The degree of involvement of documentarians have with the people they photograph is a contentious issue. Sometimes, they feel the need to engage more actively and burst the sacred bubbles of objectivity and neutrality. Notas de Voz Desde Tijuana (Voice Notes from Tijuana) is a slim photobook by Luis Antonio Rojas that combines portraits of Central American migrants waiting to cross into the USA with messages they send back home using Rojas’ phone. They may not look like it, but these migrants are the lucky few who can see the American side of the border even if they can’t yet step on it.
The opening image shows a family sitting on a thin blue mattress like the survivors of a shipwreck, except that they’re stranded in an improvised camp rather than at sea. While the picture is posed, the anguish captured by the camera feels genuine since the place they’re taking refuge, set up by an unsympathetic local government, is not equipped to cover their basic needs.
The portraits, shot in a square format, capture the vulnerability of people who have gambled everything on a nearly impossible dream. In contrast, a few rectangular pictures – laid out as double spreads – show fleeting moments of the caravan’s progress: people crammed on a truck, the federal police blocking a highway, a mother and her children resting on the bare ground, etc.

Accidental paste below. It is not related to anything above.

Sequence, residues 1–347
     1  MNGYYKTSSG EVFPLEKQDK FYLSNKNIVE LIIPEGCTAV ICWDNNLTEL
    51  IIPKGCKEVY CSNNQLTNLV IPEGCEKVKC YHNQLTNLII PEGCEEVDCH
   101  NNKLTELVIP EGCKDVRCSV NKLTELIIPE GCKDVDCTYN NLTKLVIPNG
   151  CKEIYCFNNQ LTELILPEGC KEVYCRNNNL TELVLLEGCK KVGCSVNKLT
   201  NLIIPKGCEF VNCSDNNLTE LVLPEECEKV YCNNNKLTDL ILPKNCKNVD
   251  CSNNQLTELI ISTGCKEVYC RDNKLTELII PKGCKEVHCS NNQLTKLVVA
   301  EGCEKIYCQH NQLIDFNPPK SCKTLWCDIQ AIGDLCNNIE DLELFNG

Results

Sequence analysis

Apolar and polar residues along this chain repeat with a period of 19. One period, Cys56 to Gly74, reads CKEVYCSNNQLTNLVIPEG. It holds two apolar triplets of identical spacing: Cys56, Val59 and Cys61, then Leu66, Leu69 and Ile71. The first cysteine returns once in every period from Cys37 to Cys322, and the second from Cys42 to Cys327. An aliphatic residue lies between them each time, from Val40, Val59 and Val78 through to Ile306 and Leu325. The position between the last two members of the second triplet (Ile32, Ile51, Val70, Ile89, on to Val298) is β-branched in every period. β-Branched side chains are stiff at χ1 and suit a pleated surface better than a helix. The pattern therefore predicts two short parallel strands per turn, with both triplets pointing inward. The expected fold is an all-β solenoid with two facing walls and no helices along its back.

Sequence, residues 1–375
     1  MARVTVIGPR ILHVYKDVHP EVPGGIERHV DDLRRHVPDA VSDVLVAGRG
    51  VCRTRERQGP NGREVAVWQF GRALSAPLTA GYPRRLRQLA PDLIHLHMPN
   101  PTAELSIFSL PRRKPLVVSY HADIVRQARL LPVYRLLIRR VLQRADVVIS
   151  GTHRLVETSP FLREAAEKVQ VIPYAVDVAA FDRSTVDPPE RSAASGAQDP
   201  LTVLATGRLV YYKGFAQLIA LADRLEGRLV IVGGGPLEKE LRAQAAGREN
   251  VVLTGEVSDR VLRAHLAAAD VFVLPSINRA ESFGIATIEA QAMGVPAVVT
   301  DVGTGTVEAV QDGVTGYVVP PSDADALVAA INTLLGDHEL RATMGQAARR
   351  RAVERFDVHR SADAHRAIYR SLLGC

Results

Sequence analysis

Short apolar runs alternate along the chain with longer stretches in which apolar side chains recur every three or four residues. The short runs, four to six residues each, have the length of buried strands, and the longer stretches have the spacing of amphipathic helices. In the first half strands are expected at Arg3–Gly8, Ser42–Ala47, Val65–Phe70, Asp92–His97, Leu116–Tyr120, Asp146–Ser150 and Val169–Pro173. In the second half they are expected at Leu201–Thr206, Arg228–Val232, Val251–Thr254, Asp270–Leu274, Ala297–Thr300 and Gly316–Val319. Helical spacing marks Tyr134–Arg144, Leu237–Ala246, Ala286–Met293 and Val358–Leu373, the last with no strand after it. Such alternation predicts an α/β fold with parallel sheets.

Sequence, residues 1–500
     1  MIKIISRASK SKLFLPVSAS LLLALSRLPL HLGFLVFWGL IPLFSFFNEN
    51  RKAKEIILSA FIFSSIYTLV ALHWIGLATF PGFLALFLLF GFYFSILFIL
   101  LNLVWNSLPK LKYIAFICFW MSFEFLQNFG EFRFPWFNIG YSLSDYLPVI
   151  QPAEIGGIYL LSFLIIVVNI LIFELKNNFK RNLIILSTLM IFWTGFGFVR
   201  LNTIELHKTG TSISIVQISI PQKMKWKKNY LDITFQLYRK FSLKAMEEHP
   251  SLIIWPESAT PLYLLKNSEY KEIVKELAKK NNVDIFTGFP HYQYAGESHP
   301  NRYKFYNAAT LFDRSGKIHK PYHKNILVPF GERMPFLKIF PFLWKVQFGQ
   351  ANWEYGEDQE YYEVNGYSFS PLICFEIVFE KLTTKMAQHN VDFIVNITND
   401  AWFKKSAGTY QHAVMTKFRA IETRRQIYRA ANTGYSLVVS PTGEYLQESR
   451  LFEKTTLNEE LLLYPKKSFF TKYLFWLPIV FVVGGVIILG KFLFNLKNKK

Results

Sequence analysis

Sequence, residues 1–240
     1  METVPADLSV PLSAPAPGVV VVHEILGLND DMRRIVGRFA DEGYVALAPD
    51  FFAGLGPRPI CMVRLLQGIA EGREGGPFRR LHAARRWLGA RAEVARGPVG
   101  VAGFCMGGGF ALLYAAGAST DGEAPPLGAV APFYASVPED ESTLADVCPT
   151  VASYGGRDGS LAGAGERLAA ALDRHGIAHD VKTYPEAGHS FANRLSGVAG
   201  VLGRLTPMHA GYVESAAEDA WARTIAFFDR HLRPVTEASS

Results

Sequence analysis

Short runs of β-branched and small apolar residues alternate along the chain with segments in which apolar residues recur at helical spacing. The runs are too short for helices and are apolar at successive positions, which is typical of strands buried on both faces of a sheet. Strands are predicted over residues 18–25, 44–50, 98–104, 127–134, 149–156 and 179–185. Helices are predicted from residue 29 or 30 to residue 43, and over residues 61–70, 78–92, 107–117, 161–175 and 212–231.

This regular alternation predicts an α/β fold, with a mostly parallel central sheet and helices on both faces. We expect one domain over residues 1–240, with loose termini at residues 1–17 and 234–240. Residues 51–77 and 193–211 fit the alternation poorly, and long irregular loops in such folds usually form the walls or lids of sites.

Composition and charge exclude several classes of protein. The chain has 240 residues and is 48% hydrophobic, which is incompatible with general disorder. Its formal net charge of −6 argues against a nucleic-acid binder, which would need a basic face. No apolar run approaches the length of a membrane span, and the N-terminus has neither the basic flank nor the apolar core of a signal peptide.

The book, bound with screw posts and printed on thick brown paper, makes the photographs look bureaucratic. The effective inclusion of text provides essential information that we couldn’t access through visual means, expanding the emotional reach of the work (which was awarded an Honorable Mention at the XIX Photography Biennial at the Centro de la Imagen, Mexico’s premier institution for photography).
The phone calls and voice messages were delivered via social networks, which brings attention to their role in illegal migration, where they often serve as the migrants’ only connection to their homes. Platforms like Facebook and WhatsApp are their only resort when nobody can assist them, like when a woman requests money from a relative claiming she has nothing to eat.
The book’s concept came to Rojas after a Honduran man asked to borrow his phone to apologize for not saying goodbye to his father. After that, Rojas decided to go around the camp, asking people if they needed to communicate back home. Only one person refused to be photographed after taking his offer.
Many haven’t been absent for long, yet their messages are remorseful and tend to be delivered in a farewell tone as if anticipating an unfortunate turn of events. For instance, sixteen-year-old Maynor Melendez struggles to describe his situation to his mother, or perhaps he just omits details to spare her from suffering, even if his desperation is laid bare by his iterative speech: